Isometric exercises are trending right now - these are the 4 best...
Isometric exercises are trending right now - these are the 4 best moves for building muscle definition from home

Isometric exercises are trending right now - these are the 4 best moves for building muscle definition from home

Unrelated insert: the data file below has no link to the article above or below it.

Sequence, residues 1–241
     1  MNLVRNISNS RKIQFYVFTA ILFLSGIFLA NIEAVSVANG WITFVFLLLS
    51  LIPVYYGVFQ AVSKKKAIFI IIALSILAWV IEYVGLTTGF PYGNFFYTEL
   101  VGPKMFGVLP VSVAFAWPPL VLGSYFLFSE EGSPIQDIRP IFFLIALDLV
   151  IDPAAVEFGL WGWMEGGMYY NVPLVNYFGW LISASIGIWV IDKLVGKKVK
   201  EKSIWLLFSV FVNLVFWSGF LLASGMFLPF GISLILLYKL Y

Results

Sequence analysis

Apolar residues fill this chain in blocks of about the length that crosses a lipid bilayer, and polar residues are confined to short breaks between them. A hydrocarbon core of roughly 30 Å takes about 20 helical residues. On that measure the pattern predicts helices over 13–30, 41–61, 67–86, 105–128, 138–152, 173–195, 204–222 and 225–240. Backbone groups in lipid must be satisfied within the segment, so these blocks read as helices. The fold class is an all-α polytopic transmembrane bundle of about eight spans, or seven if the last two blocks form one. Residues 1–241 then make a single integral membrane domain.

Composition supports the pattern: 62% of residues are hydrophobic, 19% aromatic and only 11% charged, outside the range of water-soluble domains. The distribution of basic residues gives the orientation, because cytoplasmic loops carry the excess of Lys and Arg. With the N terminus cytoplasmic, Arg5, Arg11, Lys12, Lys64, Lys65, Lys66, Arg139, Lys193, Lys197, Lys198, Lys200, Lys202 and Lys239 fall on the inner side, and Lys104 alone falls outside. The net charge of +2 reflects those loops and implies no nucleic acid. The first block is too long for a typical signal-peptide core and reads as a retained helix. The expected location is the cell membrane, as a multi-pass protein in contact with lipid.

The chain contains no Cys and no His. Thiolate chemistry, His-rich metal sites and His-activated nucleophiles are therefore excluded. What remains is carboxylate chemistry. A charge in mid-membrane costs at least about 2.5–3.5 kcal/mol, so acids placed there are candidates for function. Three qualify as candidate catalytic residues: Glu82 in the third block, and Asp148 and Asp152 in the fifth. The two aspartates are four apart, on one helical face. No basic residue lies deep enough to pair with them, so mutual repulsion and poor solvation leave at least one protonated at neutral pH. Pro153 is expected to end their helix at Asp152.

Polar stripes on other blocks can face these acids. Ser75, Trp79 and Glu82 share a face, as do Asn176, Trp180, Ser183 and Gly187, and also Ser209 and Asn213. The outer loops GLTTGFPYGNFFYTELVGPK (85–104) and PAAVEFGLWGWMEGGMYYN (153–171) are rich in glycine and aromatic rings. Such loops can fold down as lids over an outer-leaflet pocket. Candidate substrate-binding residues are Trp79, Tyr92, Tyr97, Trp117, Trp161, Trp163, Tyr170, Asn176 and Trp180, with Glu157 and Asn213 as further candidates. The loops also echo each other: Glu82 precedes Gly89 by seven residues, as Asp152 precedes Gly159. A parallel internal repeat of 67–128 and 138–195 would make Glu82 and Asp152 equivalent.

Celebrity news, beauty, fashion advice, and fascinating features, delivered straight to your inbox! Thank you for signing up to Marie Claire. You will receive a verification email shortly. There was a problem. Please refresh the page and try again. You've likely seen isometric exercises trending recently as a fresh study has found they're the best way to lower your blood pressure. Not only that, but isometric exercises are also one of the simplest ways to improve your physical endurance, strength, and muscle tone, making them a clear contender for the best home workout. Never heard of them and wondering what an isometric exercise is? Are they , HIIT or, well, cardio? Let's clear it up. "Isometric exercises are static muscle contractions, aka the holding of static positions over a period of time," says personal trainer . "Examples of isometric exercises are planks, wall sits and glute bridges - think positions where your muscles are activated and working in order to maintain the position." While often, people associate a "good" workout with one that sees them jumping all over the gym or their living room, isometric exercises challenge that status quo. As the latest on isometric training confirms, isometric exercise is more effective than HIIT, weight training and aerobic training for reducing blood pressure. Researchers from Canterbury Christ Church and Leicester universities analysed studies including more than 15,000 participants. According to , one of the lead authors of the study, "Although it’s a complicated area, isometrics may be so effective for cardiovascular health due to the unique nature of holding a static muscle contraction. This compresses the blood vessels and then on release of the isometric hold, leads to greater blood flow to the previously compressed vessels." Sound like something you want to add to your training programme? We've found out everything you need to know about isometric exercise so you can do just that. Don't miss our guides to , , and , while you're here. If you're new to the weights section, our explainer on might come in handy. Now you know what an isometric exercise actually is, let's read up on the benefits of the workout. If lower blood pressure from not moving isn't enough to get you wanting to add isometric movements to your plan, maybe the following benefits will entice you. "Isometric exercises are proven to help build strength and endurance to muscle, improving overall muscle performance and reducing the risk of injury," says Chapman. show that around three months of isometric training resulted in a 23% increase in muscle and a 91% increase in strength. We can't argue about that being an effective way to get strong. Because your muscles and joints aren't moving under load, isometric training is a form of low-impact exercise. "That makes them a fabulous tool if building strength postpartum, recovering from injury or have reduced mobility or a joint replacement," says Chapman. The latest study found blood pressure reducing benefits from doing just four two-minute contractions a few times a week. Compared to a 60 minute class, that's pretty damn impressive bang for your buck. Isometric exercises may be all about stillness, but that doesn't make them easy. Instead, you have to focus on contracting the muscles and working against gravity - hard work. Most of us will have to build up to long-held moments of stillness, says Chapman. "The easiest approach is to pause at the highest point of tension, for example pausing for three to five seconds at the bottom of your squat and building up over time until you can hold a wall sit for minutes.This technique helps to build mind-body connection allowing you to recruit your muscles more efficiently – improving the way you move in daily life," she explains. If you want to do isometric work separately, you are best pairing it on the end of more dynamic work to ensure your muscles are ready and warm. "You might choose to hold a plank at the end of your workout for 20-60 seconds or as long as you can maintain proper form," says Chapman. Holding time does matter. "The length of time you should hold an isometric exercise for will vary depending on ability and desired result and there is nothing set in stone. I advise holding for a long as you can without compromising your form," explains Chapman. Remember: improvements come from progressive overload, so hold for longer as you get stronger. "This is one of my favourite core exercises as it works key muscle groups often neglected when you think core - your hips, shoulders and obliques all work together to improve balance, posture and stability," explains Chapman. The side plank puts less stress on your lower back than the front plank, the expert goes on, so if you have a weak back this is an excellent option. "Having a strong core is crucial in improving and preventing back injury and pain," says Chapman. Aim for 45 seconds to a minute. Rest and repeat four to five times. Wall sits are - surprise, surprise - what the name suggests, a simple sit with your wall flat against a wall. "These are great as they work your glutes without putting stress on your knees and back," explains Chapman. "They also fire up your calves, quads and core. Used in rehabilitation to help you with everyday activities like standing up from a seated position or climbing stairs." Aim for 45 seconds to a minute. Rest and repeat four to five times. A simple yet effective exercise for building both core and glute strength. This is a knee-friendly way to target your hamstrings and glutes - often neglected and hard to work - as well as strengthening your pelvic floor or rehabilitating conditions such as a prolapse. That improves your ability to perform everyday tasks and posture." 45 seconds to a minute. Rest and repeat four to five times. Last but by no means least, a beginner to intermediate exercise that requires only your bodyweight and works various muscles in your hips, glutes, and core. "I love, love, this for full body strength," shares the PT. "It's an excellent exercise to engage the deep core muscles that stabilise the spine and pelvis. Remember to exhale on the effort move to the bear plank and inhale as you lower." Even just a three to five-second hold repeated ten times would be a great place to start, shares the expert.